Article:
David Bourget (Western Ontario)
David Chalmers (ANU, NYU)
Rafael De Clercq
Ezio Di Nucci
Jack Alan Reynolds
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Iris. European Journal of Philosophy and Public Debate 2 (3):183-195 (2011)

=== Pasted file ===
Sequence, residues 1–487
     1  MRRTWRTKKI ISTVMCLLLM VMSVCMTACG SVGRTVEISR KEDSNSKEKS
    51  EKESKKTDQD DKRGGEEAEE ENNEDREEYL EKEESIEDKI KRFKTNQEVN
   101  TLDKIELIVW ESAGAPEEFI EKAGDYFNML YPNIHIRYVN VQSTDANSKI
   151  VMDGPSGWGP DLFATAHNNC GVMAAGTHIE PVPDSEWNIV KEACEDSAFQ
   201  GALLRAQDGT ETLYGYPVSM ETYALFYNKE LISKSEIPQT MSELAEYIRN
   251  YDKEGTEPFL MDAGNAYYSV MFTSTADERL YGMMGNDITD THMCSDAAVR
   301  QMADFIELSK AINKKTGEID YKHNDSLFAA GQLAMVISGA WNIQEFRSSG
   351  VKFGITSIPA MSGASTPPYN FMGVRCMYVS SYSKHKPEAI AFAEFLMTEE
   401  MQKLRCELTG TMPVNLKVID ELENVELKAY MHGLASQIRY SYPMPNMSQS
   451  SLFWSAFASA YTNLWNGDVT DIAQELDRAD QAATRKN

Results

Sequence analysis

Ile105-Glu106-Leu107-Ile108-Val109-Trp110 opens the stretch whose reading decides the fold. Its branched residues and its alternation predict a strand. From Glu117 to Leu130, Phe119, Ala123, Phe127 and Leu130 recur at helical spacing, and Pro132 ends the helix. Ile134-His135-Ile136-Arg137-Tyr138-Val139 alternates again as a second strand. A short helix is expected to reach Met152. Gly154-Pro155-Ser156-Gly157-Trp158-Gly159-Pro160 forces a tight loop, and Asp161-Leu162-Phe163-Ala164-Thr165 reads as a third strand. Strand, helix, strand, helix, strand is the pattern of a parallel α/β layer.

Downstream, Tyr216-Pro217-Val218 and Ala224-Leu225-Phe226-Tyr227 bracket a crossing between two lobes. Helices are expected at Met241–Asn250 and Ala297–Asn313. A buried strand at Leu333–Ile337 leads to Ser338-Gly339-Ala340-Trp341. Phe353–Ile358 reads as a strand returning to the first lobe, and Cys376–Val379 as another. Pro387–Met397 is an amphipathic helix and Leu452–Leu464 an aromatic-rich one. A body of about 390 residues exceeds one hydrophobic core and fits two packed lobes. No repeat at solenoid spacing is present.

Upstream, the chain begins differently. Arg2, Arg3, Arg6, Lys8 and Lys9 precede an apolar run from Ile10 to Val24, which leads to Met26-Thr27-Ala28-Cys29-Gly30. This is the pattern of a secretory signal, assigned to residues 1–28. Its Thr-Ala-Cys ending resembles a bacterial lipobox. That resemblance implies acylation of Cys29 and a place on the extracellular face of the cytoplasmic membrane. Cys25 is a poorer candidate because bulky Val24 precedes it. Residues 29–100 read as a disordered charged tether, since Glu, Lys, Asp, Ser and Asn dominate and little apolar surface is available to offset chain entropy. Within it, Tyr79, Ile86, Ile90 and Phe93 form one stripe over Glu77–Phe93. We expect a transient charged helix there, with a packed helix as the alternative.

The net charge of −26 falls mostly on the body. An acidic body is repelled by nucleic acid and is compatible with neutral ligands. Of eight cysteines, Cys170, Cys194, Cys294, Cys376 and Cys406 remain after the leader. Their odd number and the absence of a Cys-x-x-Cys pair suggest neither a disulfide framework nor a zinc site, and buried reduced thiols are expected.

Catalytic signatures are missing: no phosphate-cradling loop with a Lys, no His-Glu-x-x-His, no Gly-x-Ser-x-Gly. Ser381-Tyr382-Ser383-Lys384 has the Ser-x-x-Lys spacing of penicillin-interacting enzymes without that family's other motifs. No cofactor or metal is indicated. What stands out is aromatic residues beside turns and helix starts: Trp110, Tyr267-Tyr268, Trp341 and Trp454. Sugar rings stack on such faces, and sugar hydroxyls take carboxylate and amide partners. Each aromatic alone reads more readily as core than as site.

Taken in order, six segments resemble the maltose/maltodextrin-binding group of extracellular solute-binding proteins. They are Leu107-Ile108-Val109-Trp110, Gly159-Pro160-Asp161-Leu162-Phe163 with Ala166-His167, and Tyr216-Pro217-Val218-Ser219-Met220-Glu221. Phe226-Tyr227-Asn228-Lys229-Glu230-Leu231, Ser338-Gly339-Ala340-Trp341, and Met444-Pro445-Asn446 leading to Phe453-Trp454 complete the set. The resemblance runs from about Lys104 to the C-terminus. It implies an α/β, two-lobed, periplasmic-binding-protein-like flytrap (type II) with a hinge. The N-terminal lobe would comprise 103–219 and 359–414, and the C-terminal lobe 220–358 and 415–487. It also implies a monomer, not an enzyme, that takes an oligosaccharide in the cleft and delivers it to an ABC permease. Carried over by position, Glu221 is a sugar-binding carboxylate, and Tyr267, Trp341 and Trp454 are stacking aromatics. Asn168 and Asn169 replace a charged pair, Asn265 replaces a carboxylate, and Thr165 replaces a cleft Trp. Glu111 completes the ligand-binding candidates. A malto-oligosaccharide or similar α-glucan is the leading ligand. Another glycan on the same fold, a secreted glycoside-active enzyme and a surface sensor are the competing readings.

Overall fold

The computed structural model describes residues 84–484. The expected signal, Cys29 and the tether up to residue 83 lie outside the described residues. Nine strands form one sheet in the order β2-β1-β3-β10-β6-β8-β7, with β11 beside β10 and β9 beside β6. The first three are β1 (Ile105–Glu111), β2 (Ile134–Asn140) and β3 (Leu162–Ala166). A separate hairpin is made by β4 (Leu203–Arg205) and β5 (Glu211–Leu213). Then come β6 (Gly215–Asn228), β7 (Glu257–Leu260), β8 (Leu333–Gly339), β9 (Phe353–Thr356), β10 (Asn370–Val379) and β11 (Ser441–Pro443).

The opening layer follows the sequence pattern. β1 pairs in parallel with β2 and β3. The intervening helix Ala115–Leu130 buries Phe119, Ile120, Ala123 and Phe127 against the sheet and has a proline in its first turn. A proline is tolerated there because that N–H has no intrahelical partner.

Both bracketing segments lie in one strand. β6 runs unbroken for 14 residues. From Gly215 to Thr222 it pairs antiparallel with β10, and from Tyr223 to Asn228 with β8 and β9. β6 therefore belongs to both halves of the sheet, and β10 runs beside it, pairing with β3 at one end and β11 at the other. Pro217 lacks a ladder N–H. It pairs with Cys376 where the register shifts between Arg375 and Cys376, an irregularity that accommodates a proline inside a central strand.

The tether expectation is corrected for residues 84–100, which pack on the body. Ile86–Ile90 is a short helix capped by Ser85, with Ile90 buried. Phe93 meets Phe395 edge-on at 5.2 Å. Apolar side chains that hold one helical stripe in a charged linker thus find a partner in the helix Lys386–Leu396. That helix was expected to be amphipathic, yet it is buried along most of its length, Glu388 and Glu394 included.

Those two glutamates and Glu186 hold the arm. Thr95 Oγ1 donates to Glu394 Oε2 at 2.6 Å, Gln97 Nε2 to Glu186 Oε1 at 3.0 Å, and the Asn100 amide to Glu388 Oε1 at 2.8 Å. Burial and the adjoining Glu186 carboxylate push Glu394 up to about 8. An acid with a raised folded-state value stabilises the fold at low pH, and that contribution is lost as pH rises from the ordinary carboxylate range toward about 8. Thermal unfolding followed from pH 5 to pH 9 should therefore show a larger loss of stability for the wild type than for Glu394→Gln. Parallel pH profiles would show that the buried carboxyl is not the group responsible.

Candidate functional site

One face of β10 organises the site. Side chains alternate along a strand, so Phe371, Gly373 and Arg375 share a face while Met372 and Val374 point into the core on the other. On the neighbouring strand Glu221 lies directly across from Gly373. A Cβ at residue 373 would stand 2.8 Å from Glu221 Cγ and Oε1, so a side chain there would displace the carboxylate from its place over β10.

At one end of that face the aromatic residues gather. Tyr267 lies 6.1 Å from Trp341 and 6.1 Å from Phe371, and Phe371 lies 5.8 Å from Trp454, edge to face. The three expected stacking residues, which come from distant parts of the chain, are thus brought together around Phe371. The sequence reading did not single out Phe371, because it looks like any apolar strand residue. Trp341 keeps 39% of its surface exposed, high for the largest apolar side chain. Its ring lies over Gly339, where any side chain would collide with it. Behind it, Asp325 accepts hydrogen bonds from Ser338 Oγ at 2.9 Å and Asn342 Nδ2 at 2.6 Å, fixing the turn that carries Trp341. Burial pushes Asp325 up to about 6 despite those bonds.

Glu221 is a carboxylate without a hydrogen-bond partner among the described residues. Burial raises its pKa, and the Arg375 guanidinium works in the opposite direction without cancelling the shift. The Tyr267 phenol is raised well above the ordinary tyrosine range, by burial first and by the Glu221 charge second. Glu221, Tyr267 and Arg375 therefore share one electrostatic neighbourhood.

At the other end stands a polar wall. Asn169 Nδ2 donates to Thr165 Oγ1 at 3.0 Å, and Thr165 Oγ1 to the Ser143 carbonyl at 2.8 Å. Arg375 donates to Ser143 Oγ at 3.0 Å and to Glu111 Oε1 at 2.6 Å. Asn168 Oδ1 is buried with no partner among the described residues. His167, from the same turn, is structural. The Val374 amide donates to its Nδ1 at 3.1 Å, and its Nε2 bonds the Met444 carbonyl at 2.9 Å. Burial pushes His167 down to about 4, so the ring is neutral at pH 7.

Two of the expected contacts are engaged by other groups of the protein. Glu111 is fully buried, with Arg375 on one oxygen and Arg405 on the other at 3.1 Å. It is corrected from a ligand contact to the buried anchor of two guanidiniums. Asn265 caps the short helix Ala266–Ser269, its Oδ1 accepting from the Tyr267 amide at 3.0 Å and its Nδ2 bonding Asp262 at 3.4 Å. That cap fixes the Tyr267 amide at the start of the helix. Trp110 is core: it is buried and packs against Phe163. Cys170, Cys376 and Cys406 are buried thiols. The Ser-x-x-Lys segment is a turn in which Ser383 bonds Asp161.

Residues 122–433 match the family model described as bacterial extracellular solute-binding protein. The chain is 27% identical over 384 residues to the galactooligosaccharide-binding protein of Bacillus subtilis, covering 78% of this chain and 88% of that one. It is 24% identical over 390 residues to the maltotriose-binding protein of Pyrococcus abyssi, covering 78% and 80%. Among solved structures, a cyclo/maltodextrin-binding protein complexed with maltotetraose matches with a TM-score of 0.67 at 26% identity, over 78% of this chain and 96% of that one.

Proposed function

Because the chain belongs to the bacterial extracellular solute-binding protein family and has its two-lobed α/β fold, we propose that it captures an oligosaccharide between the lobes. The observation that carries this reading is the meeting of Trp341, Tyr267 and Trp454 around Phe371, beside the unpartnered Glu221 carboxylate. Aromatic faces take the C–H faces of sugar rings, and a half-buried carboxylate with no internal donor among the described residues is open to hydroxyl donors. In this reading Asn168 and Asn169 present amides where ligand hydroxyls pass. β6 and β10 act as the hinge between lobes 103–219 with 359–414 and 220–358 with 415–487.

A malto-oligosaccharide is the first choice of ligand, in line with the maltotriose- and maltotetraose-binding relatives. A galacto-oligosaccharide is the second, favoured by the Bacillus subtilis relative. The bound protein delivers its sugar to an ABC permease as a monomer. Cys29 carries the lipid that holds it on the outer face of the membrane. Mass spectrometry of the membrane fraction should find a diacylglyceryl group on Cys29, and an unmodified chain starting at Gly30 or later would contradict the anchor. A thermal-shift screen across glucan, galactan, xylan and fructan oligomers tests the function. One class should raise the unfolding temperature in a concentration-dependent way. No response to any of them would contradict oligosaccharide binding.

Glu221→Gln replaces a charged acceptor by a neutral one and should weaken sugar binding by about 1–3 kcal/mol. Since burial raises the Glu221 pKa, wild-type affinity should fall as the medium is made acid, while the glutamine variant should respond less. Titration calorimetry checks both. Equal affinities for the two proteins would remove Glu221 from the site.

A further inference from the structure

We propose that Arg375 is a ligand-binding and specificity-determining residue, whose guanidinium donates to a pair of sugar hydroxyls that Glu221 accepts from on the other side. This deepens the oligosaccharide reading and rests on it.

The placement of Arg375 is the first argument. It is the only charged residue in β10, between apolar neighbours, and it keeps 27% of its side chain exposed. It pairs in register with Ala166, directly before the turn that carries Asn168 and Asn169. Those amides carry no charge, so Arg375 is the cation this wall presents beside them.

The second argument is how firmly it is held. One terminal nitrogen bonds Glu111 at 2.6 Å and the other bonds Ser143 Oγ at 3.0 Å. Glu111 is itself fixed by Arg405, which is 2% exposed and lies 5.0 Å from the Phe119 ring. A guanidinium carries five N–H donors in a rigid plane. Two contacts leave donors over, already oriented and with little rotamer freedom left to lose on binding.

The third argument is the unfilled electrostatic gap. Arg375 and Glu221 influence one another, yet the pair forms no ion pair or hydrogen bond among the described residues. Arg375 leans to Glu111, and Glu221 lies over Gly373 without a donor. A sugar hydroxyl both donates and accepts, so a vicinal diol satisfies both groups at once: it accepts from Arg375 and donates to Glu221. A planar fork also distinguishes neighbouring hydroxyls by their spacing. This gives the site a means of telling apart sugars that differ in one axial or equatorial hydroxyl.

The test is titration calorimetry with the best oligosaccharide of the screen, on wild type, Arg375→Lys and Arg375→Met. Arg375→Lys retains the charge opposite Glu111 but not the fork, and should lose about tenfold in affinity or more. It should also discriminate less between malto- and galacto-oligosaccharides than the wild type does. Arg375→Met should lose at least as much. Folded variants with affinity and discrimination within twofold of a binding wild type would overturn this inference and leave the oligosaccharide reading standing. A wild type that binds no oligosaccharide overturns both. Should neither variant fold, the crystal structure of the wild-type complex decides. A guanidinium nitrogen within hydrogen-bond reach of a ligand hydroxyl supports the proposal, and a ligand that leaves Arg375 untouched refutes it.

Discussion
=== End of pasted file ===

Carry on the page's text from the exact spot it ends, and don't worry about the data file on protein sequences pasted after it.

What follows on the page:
In the following article I present a basic proposal that is intended to provide the ground for a broader program in which I attempt to explain and characterize the foundations of the normativity generally regarded as implicit in the notion of a "person." I intend to argue that these foundations are natural in the sense that they are derived from basic behavioral and cognitive patterns which are particularly characteristic of human beings especially during their infancy. Among these basic patterns I take that known as dyadic engagement to be merely the foundational stage at which embryonic personhood emerges. Dyadic engagement is a very primitive and special form of social competence which has been identified by some cognitive developmentalists and comparative psychologists as a particular kind of sensitivity for contingencies which are experienced from the very beginning in the various processes of communicative interaction
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